Did you miss a session from GamesBeat Summit 2022? All sessions are available to stream now. Watch now.

As people continue to shelter in their homes in the fight against coronavirus, videos games are stepping up. The medium provides entertainment, but it’s also a source of socialization. And now data-tracking firm Nielsen is seeing the turn to games reflected in its monthly survey (as first reported by The Hollywood Reporter). Nielsen talked with approximately 3,000 gaming fans in the United States, the U.K., Germany, and France from March 23 through March 29. And it found that 45% of respondents in the U.S. say they played more games compared to the previous week.

Many U.S. states and nations have shelter-in-place orders that require people to stay at home. And while people are also spending extra time watching video content, gaming is benefiting from its social options. For anyone isolated from friends and family, multiplayer games are an easy way to stay connected while having fun. And 29% of gaming fans in the U.S. say they are spending more time with other people in online games.

Nielsen respondents say they are spending more money on games

But while players are more engaged with games, that might not equate to spending in this situation. Huge parts of the economy are shut down, with the Washington Post reporting that more than 10 million Americans filed for unemployment insurance in March. This is leaving people with less money to spend. While that could hurt gaming companies eventually, that hasn’t started yet.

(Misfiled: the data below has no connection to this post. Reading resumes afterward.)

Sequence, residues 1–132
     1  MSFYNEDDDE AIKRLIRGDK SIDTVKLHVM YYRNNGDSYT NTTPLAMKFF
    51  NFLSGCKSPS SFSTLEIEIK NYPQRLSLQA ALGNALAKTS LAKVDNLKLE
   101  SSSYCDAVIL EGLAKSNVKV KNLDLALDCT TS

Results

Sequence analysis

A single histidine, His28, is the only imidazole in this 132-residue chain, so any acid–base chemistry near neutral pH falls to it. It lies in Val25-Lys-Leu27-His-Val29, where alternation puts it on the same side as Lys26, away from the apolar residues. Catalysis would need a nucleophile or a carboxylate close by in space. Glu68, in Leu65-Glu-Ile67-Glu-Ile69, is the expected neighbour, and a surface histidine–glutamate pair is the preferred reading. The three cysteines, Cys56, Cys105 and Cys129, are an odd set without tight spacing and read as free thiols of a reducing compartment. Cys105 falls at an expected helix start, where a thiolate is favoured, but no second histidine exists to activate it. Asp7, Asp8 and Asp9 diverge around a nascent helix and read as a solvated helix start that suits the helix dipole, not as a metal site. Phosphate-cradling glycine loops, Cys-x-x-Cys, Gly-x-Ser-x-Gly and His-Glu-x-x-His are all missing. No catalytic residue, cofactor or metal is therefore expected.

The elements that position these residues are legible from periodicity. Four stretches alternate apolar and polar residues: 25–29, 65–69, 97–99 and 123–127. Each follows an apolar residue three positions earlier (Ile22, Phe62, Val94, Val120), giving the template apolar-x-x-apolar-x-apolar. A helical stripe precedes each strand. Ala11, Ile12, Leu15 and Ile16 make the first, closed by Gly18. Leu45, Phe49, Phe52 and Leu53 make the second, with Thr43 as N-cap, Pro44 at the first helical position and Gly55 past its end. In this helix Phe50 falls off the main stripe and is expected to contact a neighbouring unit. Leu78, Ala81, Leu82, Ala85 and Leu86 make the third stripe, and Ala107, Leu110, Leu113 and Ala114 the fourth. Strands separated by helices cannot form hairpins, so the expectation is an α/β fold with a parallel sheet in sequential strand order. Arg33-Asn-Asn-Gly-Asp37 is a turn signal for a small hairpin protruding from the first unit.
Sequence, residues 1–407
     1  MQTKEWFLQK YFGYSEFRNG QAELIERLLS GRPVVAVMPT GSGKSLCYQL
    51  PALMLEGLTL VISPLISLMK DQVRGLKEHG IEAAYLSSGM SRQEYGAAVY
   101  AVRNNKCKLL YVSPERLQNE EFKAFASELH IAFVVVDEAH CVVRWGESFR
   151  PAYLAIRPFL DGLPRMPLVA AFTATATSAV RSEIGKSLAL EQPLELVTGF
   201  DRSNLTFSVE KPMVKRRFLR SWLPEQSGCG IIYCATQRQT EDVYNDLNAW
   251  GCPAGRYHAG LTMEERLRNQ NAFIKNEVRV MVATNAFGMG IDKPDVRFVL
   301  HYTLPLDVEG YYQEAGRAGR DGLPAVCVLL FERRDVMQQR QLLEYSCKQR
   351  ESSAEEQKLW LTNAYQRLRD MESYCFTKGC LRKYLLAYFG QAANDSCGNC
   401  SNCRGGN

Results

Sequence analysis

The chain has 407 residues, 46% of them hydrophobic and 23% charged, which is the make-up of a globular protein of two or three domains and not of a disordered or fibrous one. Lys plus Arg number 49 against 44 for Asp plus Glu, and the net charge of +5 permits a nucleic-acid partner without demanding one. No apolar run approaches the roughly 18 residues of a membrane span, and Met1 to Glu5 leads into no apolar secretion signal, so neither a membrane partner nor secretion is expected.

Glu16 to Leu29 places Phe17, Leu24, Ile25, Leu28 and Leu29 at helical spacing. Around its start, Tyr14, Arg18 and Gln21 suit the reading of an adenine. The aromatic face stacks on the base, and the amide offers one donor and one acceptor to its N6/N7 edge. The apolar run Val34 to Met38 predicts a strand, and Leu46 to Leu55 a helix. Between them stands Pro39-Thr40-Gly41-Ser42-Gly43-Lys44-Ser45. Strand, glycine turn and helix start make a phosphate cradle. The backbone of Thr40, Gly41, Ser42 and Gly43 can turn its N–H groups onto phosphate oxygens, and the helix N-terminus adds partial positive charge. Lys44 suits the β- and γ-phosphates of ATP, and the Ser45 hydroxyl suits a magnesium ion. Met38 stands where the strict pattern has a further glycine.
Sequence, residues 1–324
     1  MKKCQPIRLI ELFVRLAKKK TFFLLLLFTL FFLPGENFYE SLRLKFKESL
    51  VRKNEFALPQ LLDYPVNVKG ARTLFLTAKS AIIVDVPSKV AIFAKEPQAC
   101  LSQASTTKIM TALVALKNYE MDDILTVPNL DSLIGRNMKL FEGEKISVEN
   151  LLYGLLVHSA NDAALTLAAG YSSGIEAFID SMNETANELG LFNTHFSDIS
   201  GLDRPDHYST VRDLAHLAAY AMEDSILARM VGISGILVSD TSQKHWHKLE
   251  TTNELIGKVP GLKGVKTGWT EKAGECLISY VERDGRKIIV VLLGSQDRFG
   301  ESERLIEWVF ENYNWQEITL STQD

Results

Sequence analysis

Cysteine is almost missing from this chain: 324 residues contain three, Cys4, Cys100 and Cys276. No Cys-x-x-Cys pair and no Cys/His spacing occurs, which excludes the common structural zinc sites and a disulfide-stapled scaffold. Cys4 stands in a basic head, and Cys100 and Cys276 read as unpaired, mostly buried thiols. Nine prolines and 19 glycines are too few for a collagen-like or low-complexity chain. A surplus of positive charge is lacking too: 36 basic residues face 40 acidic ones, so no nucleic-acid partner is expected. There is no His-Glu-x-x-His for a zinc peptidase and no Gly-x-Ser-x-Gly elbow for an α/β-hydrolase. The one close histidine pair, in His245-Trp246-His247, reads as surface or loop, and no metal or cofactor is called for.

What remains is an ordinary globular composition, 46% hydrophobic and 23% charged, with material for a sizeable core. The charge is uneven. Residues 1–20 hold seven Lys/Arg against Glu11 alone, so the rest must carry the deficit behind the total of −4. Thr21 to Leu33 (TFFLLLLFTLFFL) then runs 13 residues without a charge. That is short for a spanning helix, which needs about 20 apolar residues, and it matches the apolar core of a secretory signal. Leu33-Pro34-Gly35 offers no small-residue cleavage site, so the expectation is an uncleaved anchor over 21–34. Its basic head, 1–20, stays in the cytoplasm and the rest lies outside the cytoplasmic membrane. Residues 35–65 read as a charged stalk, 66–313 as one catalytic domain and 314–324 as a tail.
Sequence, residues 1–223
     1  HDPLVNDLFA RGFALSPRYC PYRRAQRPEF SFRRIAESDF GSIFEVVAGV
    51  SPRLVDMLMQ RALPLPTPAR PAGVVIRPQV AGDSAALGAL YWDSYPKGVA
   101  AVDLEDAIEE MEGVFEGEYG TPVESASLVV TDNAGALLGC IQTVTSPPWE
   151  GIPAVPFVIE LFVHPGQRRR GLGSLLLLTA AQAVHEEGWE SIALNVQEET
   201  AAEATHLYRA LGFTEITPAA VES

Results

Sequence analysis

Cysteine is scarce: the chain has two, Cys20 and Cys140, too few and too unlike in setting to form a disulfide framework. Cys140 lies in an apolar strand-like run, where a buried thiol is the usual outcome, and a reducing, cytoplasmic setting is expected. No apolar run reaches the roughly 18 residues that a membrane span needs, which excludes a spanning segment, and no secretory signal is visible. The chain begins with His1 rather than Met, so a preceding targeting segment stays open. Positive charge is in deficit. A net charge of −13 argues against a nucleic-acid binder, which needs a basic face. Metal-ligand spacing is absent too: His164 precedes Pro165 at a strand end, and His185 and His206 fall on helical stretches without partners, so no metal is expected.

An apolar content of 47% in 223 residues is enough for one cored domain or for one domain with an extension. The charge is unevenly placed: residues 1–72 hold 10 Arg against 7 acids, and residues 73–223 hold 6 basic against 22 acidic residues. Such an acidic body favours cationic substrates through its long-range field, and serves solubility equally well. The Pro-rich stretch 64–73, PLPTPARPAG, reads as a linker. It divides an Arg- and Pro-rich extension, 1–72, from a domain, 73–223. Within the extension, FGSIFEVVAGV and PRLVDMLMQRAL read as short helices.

MetaBeat 2022

MetaBeat will bring together metaverse thought leaders to give guidance on how metaverse technology will transform the way all industries communicate and do business on October 3-4 in San Francisco, CA.

Learn More

Nielsen’s report found that 39% of its U.S. respondents say they are spending more money on video games since the pandemic began.

This is one of the reasons that people like Activision chief executive Bobby Kotick have said that games are “recession-proof.” Gaming is relatively affordable — especially if more people turn to free-to-play games like Call of Duty: Warzone and Fortnite. But we are still on the early side of our current economic downturn, and gaming may enjoy a temporary bump before people tighten their spending.

GamesBeat's creed when covering the game industry is "where passion meets business." What does this mean? We want to tell you how the news matters to you -- not just as a decision-maker at a game studio, but also as a fan of games. Whether you read our articles, listen to our podcasts, or watch our videos, GamesBeat will help you learn about the industry and enjoy engaging with it. Learn more about membership.